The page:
Verbos como gustar

The way that different groups organize and understand their realities is often revealed in how meaning in encoded in their languages. For example, in English, we say:

I like Spanish class.

For English speakers the verb “to like” is something that you bestow on an entity (person, thing, place, concept, etc.)

In Spanish “liking” is not something that one does, but rather the entity possesses a quality that affects the individual or individuals:

Me gusta la clase de español. (Literal translation: Spanish class is pleasing to me).

In these constructions, the entity that possesses the quality is the grammatical subject (LA CLASE DE ESPANOL) must agree with the verb (GUSTA) and then an indirect object (ME) signals to whom the entity is pleasing.

So if we have a plural entity LOS PERROS as the subject, the verb needs to agree. GUSTAN and ME still conveys to whom dogs are pleasing:

Me gustan los perros. (Literal translation: Dogs are pleasing to me.)
I like dogs. 

If an action (or an event or state of being) is the subject of the sentence, the verb is always conjugated in the 3rd person singular:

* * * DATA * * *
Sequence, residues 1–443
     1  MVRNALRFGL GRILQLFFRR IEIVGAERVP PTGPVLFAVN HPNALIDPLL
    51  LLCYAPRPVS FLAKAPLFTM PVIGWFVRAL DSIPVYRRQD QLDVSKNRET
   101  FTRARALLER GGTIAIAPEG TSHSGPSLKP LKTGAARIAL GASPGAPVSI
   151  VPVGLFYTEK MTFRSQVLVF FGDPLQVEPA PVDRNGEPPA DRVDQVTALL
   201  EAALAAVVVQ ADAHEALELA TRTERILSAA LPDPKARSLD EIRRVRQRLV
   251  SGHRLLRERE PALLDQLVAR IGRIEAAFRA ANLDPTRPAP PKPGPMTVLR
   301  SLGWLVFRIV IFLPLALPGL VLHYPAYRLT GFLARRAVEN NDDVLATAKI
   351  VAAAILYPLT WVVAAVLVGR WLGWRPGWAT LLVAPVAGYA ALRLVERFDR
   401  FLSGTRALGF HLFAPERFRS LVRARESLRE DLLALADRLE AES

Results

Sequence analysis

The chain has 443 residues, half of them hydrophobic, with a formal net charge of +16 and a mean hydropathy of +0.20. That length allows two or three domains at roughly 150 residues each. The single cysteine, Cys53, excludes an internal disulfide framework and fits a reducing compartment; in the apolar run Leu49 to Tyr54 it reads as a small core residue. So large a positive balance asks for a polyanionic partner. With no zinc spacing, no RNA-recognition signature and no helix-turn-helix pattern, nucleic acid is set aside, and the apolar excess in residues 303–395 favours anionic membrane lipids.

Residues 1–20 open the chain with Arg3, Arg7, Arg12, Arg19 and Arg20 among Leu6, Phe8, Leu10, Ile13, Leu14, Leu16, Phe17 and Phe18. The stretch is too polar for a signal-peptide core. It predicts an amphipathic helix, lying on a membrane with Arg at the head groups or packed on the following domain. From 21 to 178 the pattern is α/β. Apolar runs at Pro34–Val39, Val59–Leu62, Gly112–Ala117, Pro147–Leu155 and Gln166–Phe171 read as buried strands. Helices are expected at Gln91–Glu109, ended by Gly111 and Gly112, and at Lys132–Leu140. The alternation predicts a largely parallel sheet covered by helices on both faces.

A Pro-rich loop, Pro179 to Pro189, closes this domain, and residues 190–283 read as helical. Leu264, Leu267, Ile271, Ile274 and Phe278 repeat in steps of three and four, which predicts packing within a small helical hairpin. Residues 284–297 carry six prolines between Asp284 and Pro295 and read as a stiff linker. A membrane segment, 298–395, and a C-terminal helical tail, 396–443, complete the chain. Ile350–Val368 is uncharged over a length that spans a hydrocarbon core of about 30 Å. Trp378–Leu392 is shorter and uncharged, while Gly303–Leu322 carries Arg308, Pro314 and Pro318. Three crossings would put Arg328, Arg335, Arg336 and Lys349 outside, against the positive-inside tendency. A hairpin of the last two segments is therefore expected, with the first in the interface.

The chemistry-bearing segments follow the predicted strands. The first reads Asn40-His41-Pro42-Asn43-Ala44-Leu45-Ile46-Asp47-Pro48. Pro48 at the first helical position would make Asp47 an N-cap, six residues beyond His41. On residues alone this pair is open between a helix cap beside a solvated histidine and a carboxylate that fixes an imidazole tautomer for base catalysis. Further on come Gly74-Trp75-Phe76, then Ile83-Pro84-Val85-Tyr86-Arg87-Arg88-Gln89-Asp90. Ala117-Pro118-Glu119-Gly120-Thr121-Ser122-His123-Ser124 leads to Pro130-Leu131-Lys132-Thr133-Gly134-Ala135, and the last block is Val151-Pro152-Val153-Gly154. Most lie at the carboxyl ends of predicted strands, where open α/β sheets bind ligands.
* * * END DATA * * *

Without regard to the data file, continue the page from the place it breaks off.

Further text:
Me gusta estudiar el español. (Literal translation: Studying Spanish is pleasing to me.)
I like studying Spanish.

Obviously Spanish allows us a full range of indirect object pronouns in addition to ME so that we can express to whom something is pleasing:

Indirect Object Pronouns used in GUSTAR-like constructions

me

nos

te

(os)

le

les

¿Te importan los exámenes?
Are exams important to you?

A Sam le encantan los partidos de basktebol.
Sam loves basketball games.

Nos gusta ir al cine.
We like to go to the movies.

A los estudiantes les preocupan  sus notas en la clase.
Students are worried about their grades in the class.

When you ask someone if they agree with a statement that uses GUSTAR-like verb, you must use A and one of the following pronouns:

A…

nosotros

ti

(vosotros)

él/ella/usted (Ud.)

ellos/ellas/ustedes (Uds.)

María: ¡Me gusta estudiar la gramática! ¿Y a ti?

These pronouns are also used for emphasis, when you are marking a difference in opinion:

Juan: ¡A mí, no me gusta para nada!

You should be familiar with the following verbs, which often used in the same way as GUSTAR:

España